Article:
1. The logged-in user is same as the user associated with data e.g., User Id on a payment transaction record must match the User Id of logged in user. The same check can be applied to clients if required.
  2. If #1 is not true, the logged-in user has enough permissions to access other user's data.

Authorization - for Integrity


Authorization in this context is required for the following objective:

Authenticated entity - a user or a client - can perform only those data manipulation actions that they are authorized to e.g., when you login to Outlook, you cannot manage someone else's calendar unless the other person has given you permissions to manage his or her calendar.


All operations should have the following checks:

  1. Is the logged-in user authorized to perform the operation?
  2. If Role Based Access Control (RBAC) is used, is a role required to perform the operation assigned to the logged-in user? Spring Security and .Net Framework easily allow such access control using declarative methods - annotations \ attributes.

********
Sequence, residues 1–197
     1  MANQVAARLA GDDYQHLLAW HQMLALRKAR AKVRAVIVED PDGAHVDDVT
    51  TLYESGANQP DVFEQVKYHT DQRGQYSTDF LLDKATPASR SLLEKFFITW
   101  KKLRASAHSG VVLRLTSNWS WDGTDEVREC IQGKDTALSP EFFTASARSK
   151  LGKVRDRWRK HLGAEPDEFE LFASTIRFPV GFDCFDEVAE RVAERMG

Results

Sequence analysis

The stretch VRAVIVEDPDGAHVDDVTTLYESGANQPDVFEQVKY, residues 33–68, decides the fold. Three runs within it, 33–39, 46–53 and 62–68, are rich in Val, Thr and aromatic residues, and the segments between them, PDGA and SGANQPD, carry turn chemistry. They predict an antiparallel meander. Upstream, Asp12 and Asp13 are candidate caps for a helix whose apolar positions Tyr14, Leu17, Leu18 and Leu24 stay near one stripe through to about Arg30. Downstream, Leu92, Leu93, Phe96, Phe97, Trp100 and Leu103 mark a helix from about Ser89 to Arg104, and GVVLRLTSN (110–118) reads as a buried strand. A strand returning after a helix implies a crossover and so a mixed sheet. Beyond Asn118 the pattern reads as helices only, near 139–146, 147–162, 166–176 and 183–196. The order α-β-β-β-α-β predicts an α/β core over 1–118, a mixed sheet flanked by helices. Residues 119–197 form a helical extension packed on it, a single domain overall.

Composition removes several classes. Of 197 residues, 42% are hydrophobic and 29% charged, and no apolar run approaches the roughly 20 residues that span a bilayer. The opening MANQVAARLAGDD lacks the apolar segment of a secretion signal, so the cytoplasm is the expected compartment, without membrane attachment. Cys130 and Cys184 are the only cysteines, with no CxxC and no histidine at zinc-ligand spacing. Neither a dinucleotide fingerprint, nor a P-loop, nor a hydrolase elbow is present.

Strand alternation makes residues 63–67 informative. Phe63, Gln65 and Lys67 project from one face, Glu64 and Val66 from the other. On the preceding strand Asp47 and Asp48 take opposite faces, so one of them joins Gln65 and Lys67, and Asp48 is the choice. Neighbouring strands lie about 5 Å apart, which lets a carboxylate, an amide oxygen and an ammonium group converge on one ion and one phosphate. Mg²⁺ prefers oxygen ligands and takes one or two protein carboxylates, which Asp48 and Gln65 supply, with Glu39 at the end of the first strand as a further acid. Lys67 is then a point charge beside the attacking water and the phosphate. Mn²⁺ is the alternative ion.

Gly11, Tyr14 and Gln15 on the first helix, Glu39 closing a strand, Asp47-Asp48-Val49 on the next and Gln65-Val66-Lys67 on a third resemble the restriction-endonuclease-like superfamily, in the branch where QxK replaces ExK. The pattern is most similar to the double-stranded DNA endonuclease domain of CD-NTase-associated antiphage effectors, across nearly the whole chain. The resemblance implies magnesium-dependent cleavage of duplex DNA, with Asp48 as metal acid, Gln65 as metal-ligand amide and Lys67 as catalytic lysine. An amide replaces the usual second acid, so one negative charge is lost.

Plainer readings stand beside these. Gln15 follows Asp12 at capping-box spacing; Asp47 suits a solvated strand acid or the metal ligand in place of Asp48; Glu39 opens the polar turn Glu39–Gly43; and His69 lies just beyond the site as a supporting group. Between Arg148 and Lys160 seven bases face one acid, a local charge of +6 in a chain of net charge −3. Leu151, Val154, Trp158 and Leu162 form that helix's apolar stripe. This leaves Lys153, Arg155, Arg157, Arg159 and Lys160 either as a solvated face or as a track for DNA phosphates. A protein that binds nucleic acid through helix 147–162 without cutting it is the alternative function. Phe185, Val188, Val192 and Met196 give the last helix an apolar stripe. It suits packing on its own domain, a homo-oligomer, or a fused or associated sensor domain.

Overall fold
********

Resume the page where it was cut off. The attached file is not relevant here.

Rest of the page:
3. The logged-in user is same as the user associated with data that is being modified e.g., the User Id on a payment transaction request must match the User Id of the logged in user.

Client Authorization:

In the case of APIs that can be consumed by multiple clients, authorizing clients is also important e.g., in a Microservice architecture, an API gateway can block requests if a client is not authorized to use an API.

In the above design, an admin can disable a user so it is allowed from the Admin Portal client application only. If the Web Portal application tries to call the API, it is blocked. OAuth2 JWT tokens carry Client information and this can be done easily by inspecting tokens.

NOTE: The same check should also be applied on the Microservice - remember Defense in depth? In case someone mistakenly removes the check on API Gateway, microservice will still block the client.

Data Privacy


Personally Identifiable Information (PII) is any data that can identify an individual e.g., Mobile Number, Email address, etc. Unauthorized access to such information can be a breach of privacy.


Identify PIIs captured by the software.

Do not display PIIs without masking e.g., mobile number as 98XXX XXX76.